Being a proactive person, I'd look around f or University rehabs that are lenient about payment options, but good about care. I'd stay as much as I could stay until he was more stable, partly to make sure his "friends" don't get time alone with him. I'd talk to the nurses and see if I could gain allies, even though he is eighteen. They are responsible if he gets hurt in their facility because they are not being careful enough. I would do that while he recovers.

    I would NOT bring him home. That's where I'd draw the line. Not my house. Not my money going directly to you for anything. I'd be there as an emotional anchor. If I was rebuffed and/or abused, then I'd give up.

    I am not in any way telling you to do this. And I don't believe Susie or a nyone who gave you advice is wrong. But I'm telling you what I know I'd do and how far I'd take it. I'd help to a point, but, in the end, it is his life, his choices, nobody can stop the drug use once he is out of the hospital. Does he have Medicaid?

    Anyway, I wish you luck. I hope that once he has his senses back completely this becomes a wake up call. I know somebody who lost a fairly young child to alcoholism and...it was so very sad. He overdosed on alcohol and killed his liver. He was 26. I tear up remembering.

    I know myself. If this ever happened a second time, after I put in so much emotion and time to try to give it one last shot, I don't even know if I'd go to the hospital. But I'd do it the first time. Again, just take what is useful, if anything, and leave the rest. I am not an expert on this.
  12. 2much2recover

    2much2recover Well-Known Member

    I so agree with this, your son is now an adult, and thus, you are no longer financially responsible for whatever he needs next. Be aware though, they may try to get you to sign to BE responsible (Don't sign anything). Be on top of your toes whenever anyone is talking to you about future treatment that you will not be left on the hook financially. This is not rejecting him...........it is rejecting being financially responsible for someone who continues to make bad choices. I would bet, if your son is going to need long term treatment that they will be able to get him on SSI/Medicaid far faster than you ever could.
    This is a really sad case of what can go wrong when young adults continue to use and abuse drugs. I feel for you Comatheart.:grouphug:
  13. susiestar

    susiestar Roll With It

    None of us are experts, of course. And of course you should take what helps you and ignore the rest - NONE of us will be upset if you ignore our advice. We know you need to do what you need to do.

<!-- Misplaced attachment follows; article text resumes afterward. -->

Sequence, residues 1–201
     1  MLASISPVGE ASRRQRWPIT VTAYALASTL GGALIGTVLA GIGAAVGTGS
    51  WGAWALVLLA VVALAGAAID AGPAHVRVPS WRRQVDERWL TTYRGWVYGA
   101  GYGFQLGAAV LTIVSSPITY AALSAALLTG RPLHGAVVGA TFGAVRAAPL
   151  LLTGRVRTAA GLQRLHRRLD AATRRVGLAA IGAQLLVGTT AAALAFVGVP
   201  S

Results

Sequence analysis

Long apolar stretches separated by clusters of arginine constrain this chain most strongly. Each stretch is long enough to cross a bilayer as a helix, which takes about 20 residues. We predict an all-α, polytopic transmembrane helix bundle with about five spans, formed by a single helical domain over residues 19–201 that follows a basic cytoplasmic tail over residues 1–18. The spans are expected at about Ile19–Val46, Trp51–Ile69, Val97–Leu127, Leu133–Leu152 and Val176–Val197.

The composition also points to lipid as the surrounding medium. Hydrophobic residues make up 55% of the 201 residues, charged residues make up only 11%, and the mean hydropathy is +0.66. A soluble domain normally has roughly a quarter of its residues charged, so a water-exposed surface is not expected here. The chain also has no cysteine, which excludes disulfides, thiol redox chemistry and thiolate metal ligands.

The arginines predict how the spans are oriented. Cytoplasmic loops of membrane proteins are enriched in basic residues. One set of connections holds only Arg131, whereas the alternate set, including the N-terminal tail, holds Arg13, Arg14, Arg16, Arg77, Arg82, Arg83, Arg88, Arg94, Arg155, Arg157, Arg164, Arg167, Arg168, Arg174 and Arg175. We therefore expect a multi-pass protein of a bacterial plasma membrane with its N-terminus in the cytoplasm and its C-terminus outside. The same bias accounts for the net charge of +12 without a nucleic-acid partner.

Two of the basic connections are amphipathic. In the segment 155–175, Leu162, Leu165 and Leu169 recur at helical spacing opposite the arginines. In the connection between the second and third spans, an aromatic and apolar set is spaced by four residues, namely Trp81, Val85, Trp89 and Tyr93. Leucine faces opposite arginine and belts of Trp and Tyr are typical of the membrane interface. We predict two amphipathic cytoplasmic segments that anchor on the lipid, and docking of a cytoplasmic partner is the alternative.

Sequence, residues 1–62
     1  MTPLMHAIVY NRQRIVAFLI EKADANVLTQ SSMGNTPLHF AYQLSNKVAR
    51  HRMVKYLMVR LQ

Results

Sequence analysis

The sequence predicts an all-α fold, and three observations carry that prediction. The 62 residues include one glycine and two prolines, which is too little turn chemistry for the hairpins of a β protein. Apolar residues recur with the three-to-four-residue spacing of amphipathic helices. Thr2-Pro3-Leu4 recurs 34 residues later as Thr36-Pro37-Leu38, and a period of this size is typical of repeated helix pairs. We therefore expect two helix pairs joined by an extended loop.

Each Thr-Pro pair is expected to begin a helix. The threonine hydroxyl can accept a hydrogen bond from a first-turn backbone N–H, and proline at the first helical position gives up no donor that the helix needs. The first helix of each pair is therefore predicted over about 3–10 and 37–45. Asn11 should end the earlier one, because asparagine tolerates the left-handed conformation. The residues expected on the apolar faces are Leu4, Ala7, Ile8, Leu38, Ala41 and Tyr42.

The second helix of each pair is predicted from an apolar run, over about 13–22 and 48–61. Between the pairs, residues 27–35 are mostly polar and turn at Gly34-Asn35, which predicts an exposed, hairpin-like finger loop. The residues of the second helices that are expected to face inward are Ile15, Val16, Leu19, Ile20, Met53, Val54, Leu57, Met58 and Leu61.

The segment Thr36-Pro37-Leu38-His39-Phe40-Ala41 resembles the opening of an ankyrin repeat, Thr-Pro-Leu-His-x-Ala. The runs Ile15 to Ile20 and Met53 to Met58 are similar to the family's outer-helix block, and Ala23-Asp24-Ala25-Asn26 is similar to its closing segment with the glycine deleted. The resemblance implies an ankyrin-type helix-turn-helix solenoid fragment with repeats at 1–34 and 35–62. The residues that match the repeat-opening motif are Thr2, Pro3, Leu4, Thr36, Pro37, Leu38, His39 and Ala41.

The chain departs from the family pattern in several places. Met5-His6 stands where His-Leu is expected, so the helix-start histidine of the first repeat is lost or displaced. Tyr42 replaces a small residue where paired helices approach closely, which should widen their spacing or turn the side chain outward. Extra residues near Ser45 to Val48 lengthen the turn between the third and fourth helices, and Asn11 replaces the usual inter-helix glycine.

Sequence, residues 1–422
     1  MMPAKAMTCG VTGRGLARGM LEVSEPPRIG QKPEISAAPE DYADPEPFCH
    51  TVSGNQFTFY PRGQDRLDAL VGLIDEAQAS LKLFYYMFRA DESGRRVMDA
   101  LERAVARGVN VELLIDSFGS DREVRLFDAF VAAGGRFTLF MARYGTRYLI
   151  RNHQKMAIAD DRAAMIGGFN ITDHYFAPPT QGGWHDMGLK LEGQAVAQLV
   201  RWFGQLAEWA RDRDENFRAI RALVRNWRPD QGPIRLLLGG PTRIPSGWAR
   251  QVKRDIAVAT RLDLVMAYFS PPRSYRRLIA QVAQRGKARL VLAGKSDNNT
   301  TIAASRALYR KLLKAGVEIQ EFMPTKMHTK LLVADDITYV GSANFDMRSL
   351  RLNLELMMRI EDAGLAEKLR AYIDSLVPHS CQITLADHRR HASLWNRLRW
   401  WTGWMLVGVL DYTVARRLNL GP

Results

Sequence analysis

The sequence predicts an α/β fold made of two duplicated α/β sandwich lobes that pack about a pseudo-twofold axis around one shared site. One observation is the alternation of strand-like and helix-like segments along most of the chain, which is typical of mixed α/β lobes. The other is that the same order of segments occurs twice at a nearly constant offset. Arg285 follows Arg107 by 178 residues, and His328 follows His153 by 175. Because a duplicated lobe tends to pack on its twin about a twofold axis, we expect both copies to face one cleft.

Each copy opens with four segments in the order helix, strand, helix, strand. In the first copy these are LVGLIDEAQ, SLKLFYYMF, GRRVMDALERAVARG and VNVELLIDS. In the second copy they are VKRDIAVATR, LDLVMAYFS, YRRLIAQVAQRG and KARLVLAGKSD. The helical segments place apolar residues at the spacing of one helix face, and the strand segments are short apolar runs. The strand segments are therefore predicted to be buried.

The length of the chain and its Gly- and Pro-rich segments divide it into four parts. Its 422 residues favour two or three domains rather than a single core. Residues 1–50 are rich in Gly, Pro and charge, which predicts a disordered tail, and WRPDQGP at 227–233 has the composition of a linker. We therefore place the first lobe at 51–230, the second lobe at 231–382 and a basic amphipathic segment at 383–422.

Do not agree to take the $$ responsibility for anything. If they come to talk to you about it, tell them you are too tired/stressed to discuss it or tell them that HIPPA means it isn't something that they can discuss with you. There has to be an up side to HIPPA for parents, Know what I mean?? I know that here they have told me that it prevents them from discussing J's bills with me even though I pay them all. She has to have it on record that they can talk to me first. That may be just here though.

    Given the major and traumatic nature of this, the hospital can and should negotiate the medicaid paperwork fairly easily. They are specialists in this and you should take advantage of this. Given that difficult child won't be working, he will have no income and medicaid should be fairly easy to get. It should also pay for everything including rides to appointments. Here it provides a van to shuttle people to appointments even ones with specialists an hour away. The only time it didn't provide a ride was when J had to go to a hospital in Dallas for a week, but they paid mileage for it. this was back when husband was out of work and we had it for the kids.

    Generally if there is a medicaid copay it is very low, $2 or $3, so take advantage of letting the hospital staff handle the paperwork and let medicaid cover the medical bills. That is what it is there for. difficult child is a adult and he needs to have to deal with all of the fallout from his bad choices.

    I hope you are taking care of yourself.
  14. Childofmine

    Childofmine one day at a time

    I think this is a good place to be, for you and for him. Silence is good. Being together, sitting in silence, without you trying to control or manage or fix, and him not having to blame or deny or coerce---that is a new place to be and a good place to be. Consider this progress.

    I would tell him kindly that I will not bring his cell phone. He won't like it, and if he shouts, I would leave the room.

    I agree with all above that this is a time to bring all possible resources to bear on him and his health---mental, physical, emotional and spiritual.

    You won't be able to get through to him at all (I don't believe parents are meant to be the ones) but he might listen to other people, even a little bit. You can be the facilitator.

    I am very sorry that he has done this to himself. I always remind myself that things can be much worse than they are today. They have been worse in the past and they can get worse again.

    I know you love your son and it's so hard to watch him self-destruct. Take a breath, take a step back, and spend some time right now on taking care of YOU. He is right where he needs to be.